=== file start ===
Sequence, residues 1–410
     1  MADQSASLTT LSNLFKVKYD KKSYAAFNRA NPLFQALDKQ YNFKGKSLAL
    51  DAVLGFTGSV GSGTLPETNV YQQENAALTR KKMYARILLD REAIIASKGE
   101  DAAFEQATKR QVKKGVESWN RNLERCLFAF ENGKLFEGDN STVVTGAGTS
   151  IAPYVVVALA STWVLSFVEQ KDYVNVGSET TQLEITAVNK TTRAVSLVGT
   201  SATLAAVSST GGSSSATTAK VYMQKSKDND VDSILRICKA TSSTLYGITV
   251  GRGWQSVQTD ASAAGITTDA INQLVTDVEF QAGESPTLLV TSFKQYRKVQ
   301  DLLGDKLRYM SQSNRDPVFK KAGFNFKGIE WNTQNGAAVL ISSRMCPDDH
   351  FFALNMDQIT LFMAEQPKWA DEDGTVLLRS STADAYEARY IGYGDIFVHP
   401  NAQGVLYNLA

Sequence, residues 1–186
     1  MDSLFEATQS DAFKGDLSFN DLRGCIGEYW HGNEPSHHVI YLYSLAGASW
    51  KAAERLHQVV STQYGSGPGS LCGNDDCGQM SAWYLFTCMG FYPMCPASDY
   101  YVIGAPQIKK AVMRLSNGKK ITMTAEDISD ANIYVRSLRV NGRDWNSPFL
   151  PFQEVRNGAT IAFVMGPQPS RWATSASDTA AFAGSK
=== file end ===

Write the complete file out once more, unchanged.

Sequence, residues 1–410
     1  MADQSASLTT LSNLFKVKYD KKSYAAFNRA NPLFQALDKQ YNFKGKSLAL
    51  DAVLGFTGSV GSGTLPETNV YQQENAALTR KKMYARILLD REAIIASKGE
   101  DAAFEQATKR QVKKGVESWN RNLERCLFAF ENGKLFEGDN STVVTGAGTS
   151  IAPYVVVALA STWVLSFVEQ KDYVNVGSET TQLEITAVNK TTRAVSLVGT
   201  SATLAAVSST GGSSSATTAK VYMQKSKDND VDSILRICKA TSSTLYGITV
   251  GRGWQSVQTD ASAAGITTDA INQLVTDVEF QAGESPTLLV TSFKQYRKVQ
   301  DLLGDKLRYM SQSNRDPVFK KAGFNFKGIE WNTQNGAAVL ISSRMCPDDH
   351  FFALNMDQIT LFMAEQPKWA DEDGTVLLRS STADAYEARY IGYGDIFVHP
   401  NAQGVLYNLA

Sequence, residues 1–186
     1  MDSLFEATQS DAFKGDLSFN DLRGCIGEYW HGNEPSHHVI YLYSLAGASW
    51  KAAERLHQVV STQYGSGPGS LCGNDDCGQM SAWYLFTCMG FYPMCPASDY
   101  YVIGAPQIKK AVMRLSNGKK ITMTAEDISD ANIYVRSLRV NGRDWNSPFL
   151  PFQEVRNGAT IAFVMGPQPS RWATSASDTA AFAGSK